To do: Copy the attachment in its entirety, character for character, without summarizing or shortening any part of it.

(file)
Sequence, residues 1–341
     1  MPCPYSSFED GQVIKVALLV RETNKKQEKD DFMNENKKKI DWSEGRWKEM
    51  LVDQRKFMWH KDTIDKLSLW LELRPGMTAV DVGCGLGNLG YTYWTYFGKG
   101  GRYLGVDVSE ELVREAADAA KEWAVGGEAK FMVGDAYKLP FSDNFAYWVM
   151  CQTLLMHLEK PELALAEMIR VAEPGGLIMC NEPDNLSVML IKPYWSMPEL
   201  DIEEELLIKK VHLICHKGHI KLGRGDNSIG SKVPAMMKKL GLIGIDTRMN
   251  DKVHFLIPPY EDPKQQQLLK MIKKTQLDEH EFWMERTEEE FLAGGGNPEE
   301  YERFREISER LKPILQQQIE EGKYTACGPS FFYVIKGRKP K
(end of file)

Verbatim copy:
Sequence, residues 1–341
     1  MPCPYSSFED GQVIKVALLV RETNKKQEKD DFMNENKKKI DWSEGRWKEM
    51  LVDQRKFMWH KDTIDKLSLW LELRPGMTAV DVGCGLGNLG YTYWTYFGKG
   101  GRYLGVDVSE ELVREAADAA KEWAVGGEAK FMVGDAYKLP FSDNFAYWVM
   151  CQTLLMHLEK PELALAEMIR VAEPGGLIMC NEPDNLSVML IKPYWSMPEL
   201  DIEEELLIKK VHLICHKGHI KLGRGDNSIG SKVPAMMKKL GLIGIDTRMN
   251  DKVHFLIPPY EDPKQQQLLK MIKKTQLDEH EFWMERTEEE FLAGGGNPEE
   301  YERFREISER LKPILQQQIE EGKYTACGPS FFYVIKGRKP K